review from the Iowa Court of Appeals. Appeal from the Iowa
District Court for Polk County, Robert B. Hanson, Judge.
insurer seeks further review of court of appeals decision
that reversed district court judgment rejecting appraisal
award. COURT OF APPEALS DECISION VACATED; DISTRICT COURT
JUDGMENT AFFIRMED IN PART, REVERSED IN PART, AND REMANDED
Timothy D. Johnson of Roeder Smith Jadin, PLLC, Bloomington,
Minnesota, and Anthony R. Epping of Epping Law Office, P.C.,
Des Moines, for appellant.
M. Margolin and Apryl M. DeLange of Hopkins and Huebner,
P.C., Des Moines, for appellee.
appeal, we must decide whether the district court erred by
rejecting an insurance appraisal award for hail damage to
roofing shingles. This case presents a question of first
impression in Iowa that has divided the courts of other
jurisdictions: whether the appraisers may determine the
cause of the loss. The insured townhome association
was already investigating a warranty claim against the
manufacturer seeking replacement of allegedly defective
shingles when the hailstorm occurred. The property insurer
paid for damage to metal gutters and fascia but disputed
whether the hail caused damage to the asphalt shingles and
denied coverage based on the preexisting manufacturing
defect. The Association sued the insurer for breach of
contract and invoked the appraisal provision of the property
insurance policy to ascertain the amount of the loss from the
hailstorm. The appraisal panel considered conflicting expert
opinions and, in a two-to-one decision, valued the
hail-damage loss at approximately $1.4 million. The district
court held a bench trial, rejected the appraisal award, found
no shingle damage from hail, applied an exclusion for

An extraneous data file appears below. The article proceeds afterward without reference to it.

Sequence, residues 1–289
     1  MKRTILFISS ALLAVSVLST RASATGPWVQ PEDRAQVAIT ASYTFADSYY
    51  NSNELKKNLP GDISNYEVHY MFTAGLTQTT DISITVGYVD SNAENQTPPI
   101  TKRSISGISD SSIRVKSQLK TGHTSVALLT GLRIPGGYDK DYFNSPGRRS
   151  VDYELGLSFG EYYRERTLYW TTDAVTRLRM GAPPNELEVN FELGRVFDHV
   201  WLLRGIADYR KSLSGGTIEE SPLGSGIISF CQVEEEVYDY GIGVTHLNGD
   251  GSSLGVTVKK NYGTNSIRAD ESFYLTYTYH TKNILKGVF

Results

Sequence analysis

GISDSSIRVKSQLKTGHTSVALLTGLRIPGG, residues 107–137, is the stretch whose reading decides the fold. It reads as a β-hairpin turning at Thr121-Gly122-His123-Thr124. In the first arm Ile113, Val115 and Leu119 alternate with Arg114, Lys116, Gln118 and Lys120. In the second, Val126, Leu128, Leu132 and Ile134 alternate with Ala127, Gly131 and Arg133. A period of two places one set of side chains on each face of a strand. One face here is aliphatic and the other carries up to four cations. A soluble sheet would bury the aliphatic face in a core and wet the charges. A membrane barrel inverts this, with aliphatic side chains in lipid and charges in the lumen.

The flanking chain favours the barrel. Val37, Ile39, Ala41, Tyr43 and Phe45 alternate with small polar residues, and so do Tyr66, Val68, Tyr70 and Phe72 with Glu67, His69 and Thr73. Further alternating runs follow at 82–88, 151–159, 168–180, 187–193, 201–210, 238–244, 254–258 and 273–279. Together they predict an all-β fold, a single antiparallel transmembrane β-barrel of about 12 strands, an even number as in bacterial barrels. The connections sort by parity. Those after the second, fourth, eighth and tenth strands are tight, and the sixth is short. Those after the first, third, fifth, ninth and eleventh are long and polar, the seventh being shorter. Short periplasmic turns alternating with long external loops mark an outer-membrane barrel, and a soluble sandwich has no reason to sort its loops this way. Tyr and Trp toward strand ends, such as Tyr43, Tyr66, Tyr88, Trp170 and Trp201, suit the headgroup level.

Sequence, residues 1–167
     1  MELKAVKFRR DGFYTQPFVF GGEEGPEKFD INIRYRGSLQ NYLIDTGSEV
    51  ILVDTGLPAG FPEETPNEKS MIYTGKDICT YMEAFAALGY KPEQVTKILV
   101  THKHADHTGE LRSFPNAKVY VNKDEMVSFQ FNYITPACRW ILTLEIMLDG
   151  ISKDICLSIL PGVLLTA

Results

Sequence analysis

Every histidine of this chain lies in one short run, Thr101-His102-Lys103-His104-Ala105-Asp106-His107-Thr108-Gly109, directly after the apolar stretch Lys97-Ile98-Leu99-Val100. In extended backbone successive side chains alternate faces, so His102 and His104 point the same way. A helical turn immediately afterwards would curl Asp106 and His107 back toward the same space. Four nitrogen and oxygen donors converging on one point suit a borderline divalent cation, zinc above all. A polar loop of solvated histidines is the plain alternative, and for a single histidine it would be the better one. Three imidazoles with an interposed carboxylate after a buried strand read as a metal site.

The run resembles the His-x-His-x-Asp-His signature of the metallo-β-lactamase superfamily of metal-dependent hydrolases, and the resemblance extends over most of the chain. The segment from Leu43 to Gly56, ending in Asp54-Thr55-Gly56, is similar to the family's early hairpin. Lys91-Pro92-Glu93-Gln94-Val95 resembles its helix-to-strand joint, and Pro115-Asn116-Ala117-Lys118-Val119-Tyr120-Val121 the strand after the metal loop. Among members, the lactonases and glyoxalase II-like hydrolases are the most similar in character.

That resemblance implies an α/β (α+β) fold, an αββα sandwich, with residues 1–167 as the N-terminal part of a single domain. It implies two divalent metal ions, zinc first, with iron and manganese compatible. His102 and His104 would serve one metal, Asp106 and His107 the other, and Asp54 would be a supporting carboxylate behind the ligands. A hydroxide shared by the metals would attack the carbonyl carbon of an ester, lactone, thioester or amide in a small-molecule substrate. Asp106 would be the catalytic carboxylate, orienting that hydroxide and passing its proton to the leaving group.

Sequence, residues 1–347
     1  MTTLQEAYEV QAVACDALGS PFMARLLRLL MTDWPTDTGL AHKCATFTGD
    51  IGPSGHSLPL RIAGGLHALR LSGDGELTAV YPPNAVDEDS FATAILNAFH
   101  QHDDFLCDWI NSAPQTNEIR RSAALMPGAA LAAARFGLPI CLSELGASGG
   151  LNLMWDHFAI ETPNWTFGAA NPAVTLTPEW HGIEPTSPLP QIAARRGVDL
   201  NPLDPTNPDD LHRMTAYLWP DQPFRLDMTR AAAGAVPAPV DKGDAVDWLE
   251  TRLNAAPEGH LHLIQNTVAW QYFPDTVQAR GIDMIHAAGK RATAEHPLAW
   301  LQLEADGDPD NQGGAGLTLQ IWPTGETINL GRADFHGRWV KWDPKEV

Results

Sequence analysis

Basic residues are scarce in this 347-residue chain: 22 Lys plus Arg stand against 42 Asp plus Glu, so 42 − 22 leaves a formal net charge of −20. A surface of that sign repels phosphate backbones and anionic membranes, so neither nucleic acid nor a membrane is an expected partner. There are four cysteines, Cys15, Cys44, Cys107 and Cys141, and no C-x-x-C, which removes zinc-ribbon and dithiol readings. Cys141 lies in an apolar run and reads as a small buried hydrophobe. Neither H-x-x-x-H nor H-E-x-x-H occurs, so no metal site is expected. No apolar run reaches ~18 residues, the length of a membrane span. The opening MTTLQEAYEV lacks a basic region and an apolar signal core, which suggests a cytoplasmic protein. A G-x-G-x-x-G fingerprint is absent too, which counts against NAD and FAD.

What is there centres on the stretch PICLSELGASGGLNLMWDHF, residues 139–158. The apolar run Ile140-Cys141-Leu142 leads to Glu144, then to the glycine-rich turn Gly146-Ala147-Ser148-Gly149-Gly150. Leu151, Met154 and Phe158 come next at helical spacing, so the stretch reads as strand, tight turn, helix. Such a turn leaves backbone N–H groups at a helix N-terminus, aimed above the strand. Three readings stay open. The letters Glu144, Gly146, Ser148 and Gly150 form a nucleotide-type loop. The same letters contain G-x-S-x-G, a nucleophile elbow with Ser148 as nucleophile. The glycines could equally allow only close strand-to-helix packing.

defective materials, and entered judgment in favor of the
insurer. The Association appealed, and we transferred the
case to the court of appeals.
court of appeals held the district court erred by rejecting
the appraisal award for shingle damage and remanded for entry
of judgment on the appraisal award, excluding amounts for air
conditioners not owned by the insured. A dissenting judge
would have affirmed the district court judgment against the
insured, concluding the district court was not bound by the
appraiser's determination of the cause of the loss. We
granted the insurer's application for further review.
the district court erred by disregarding the appraisal
award's determination of the amount of the loss for
shingles damaged by the hailstorm. We are persuaded by the
court's holding that appraisers may determine the factual
cause of damage to insured property to ascertain the amount
of the loss. Coverage questions, however, are to be resolved
by the court. The appraisal did not address the extent of
preexisting shingle damage excluded from coverage through the
insurance policy's anticoncurrent-cause provision. That
issue must be decided by the court on remand. We therefore
vacate the decision of the court of appeals and remand the
case for further proceedings consistent with this opinion.
Background Facts and Proceedings.
Creek Townhome Association (Walnut Creek or the Association)
is a residential common interest community in Urbandale. The
thirty-six multifamily buildings at Walnut Creek were built
between 2004 and 2006. Walnut Creek is governed by a board of
directors. In 2011, the board began investigating the need to
replace the shingles on the roofs installed during the
original construction. The type of shingle- New Horizon
manufactured by CertainTeed-was regarded by roofing
professionals to be defective.
Harbert, a professional roofer for Hedberg & Son Roofing,
evaluated the life expectancy of the roofs in the spring or
summer of 2011. He inspected the roofs of three buildings.
Harbert observed "[c]racking, crazing of appliques,
[and] significant granule loss throughout the whole shingle
itself." CertainTeed shingles carry a twenty-five-year
warranty, but Harbert recommended to Mike Gooding,
Hedberg's residential salesperson, that the shingles be
replaced within five years. Gooding relayed this information
to the Association's board. Minutes of the board meetings
in 2011 and 2012 show the board was preparing to replace the